Wednesday, October 26, 2005

Front page news

If you saw the Times Union today then you certainly saw that they took a page from Ted Koppel's playbook and printed the names of all 2,000 U.S. soldiers, sailors, airmen and Marines killed in Iraq.

It's an interesting choice. While this grim milestone took up most of the paper's front page, it was NOT the lead story on last night's NBC Nightly News. Brian Williams explained the reasons on his excellent Daily Nightly blog:

"Our 2:30 editorial meeting was just breaking up... the first participants had risen and were making their way to the door... when someone looking at a computer screen said so all could hear it, '2,000.'

We knew what that meant. After confirmed word of a soldier's death today, at roughly 3 p.m. eastern time, 2,000 American fighting men and women have now died since the invasion of Iraq. And I will say just as quickly: while we will cover this milestone, and while it is indeed a milestone, it will not be our lead story. Having met families who have lost a loved one to this effort, as I pointed out in the after-meeting just now, they would all have just cause to write me and ask why we didn't lead the broadcast with the death of their particular son or daughter, father or mother, sister or brother. As one veteran's group so effectively reinforced today, every death means the loss of someone's whole world...and no single death carries greater importance than any other -- especially in a conflict where the milestones are decided upon by the media. We will use this number as a way of looking at the status of the war effort, hearing the words of the President today, and looking perhaps at the mood of the nation."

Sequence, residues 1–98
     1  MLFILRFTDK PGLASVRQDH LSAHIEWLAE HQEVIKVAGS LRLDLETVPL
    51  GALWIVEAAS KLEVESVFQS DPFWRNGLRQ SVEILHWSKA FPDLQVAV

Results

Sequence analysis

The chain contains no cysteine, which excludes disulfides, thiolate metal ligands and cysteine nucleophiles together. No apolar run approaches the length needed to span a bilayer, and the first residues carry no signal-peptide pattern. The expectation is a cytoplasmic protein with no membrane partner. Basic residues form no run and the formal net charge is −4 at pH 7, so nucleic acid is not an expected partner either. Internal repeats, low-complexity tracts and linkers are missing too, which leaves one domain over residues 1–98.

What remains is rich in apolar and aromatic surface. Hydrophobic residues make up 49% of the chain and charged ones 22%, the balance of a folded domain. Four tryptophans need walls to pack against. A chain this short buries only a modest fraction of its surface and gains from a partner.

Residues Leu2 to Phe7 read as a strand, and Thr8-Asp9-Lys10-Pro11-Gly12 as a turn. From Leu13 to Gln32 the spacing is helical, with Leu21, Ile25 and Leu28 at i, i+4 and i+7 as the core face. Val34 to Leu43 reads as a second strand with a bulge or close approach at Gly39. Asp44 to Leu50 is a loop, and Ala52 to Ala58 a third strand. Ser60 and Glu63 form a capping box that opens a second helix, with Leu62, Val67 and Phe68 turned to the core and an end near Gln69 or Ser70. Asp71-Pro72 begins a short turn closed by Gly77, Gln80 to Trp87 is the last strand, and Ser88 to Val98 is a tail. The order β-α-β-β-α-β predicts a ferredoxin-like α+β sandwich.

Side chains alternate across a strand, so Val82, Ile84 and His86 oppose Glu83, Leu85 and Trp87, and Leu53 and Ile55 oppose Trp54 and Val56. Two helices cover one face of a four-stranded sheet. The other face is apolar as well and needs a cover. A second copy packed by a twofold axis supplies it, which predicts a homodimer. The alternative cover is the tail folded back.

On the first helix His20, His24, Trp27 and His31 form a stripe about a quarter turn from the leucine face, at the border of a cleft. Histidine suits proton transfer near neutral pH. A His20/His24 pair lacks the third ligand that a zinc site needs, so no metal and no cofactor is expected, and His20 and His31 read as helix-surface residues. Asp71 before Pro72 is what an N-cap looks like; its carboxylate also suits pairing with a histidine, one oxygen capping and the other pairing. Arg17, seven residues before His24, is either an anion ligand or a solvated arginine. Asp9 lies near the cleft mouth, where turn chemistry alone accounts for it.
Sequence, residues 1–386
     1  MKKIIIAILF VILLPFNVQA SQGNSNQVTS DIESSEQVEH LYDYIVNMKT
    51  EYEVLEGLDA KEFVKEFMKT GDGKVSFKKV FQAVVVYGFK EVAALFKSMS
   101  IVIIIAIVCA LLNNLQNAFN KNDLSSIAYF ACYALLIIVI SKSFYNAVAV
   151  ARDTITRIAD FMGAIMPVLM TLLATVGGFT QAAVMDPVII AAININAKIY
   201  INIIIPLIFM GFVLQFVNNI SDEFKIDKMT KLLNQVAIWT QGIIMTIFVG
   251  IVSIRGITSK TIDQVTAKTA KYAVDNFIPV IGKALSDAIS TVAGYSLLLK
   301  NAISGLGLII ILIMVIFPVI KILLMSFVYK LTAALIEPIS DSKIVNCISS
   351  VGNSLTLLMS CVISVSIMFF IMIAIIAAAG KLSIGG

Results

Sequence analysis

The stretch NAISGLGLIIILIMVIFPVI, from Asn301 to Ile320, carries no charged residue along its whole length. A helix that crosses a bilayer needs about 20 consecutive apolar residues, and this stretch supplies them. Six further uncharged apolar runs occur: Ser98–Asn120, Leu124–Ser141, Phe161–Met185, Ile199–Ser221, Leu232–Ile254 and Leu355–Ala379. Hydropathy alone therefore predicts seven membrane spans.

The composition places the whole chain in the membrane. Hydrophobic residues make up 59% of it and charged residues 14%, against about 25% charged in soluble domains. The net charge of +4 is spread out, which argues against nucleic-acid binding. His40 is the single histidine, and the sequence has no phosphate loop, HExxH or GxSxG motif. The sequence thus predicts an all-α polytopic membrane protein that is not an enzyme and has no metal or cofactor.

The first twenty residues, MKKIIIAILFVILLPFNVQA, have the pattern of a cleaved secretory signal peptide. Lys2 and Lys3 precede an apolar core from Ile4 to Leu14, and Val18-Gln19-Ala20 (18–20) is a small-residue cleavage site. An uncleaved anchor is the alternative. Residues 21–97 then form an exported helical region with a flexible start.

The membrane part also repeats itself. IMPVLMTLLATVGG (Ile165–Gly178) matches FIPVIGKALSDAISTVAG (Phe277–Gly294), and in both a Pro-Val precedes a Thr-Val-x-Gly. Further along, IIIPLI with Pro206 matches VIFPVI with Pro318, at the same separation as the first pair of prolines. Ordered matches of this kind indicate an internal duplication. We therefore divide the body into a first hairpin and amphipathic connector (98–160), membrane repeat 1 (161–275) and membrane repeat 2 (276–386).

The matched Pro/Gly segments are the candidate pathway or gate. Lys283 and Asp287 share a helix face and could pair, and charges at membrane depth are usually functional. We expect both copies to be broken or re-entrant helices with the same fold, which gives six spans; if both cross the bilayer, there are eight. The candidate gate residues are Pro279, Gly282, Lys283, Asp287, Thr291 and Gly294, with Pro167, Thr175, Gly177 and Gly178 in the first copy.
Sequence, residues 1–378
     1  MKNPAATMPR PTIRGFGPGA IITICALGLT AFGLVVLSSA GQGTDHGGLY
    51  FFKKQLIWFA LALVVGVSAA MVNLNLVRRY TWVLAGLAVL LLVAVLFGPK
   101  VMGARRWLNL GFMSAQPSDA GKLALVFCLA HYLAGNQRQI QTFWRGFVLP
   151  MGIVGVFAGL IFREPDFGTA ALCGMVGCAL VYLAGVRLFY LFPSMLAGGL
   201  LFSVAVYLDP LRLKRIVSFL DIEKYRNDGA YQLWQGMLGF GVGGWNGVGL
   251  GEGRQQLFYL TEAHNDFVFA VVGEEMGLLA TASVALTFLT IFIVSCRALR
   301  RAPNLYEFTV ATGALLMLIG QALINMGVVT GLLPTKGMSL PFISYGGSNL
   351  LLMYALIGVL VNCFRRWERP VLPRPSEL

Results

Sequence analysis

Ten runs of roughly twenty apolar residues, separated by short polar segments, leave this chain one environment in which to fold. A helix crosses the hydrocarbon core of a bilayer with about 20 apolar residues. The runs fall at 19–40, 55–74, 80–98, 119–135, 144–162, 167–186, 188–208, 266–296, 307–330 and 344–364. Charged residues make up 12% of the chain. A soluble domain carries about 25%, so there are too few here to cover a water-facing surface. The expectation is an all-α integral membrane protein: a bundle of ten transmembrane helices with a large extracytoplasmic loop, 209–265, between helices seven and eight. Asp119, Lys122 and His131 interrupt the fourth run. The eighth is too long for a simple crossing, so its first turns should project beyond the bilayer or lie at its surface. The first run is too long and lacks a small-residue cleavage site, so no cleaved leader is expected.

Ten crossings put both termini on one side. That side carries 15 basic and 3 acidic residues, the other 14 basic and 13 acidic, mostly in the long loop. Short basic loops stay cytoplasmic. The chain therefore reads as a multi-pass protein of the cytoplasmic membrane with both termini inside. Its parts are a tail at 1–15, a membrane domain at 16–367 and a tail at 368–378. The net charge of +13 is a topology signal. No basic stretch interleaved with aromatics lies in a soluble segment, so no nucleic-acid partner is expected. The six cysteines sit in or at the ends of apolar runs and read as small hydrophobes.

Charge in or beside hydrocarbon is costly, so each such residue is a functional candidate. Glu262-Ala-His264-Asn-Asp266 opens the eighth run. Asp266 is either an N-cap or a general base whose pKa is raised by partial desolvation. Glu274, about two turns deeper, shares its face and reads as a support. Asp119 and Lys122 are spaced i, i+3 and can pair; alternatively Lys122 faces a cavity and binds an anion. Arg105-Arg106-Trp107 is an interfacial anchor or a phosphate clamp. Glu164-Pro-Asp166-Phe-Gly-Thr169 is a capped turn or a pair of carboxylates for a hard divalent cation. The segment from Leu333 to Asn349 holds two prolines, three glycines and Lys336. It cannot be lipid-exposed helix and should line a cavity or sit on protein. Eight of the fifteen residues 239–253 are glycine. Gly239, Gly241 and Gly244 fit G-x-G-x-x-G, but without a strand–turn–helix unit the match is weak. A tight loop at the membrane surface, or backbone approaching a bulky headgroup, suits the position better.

Aaron said...

It's a interesting and difficult decision about what to do about this. The veterens group make a very good point. Every death is a tragedy. However, seeing a page and a half of names also make a very good point. Hopefully it will convince more people just how bad and wrong this war is and that it is not going away anytime soon.

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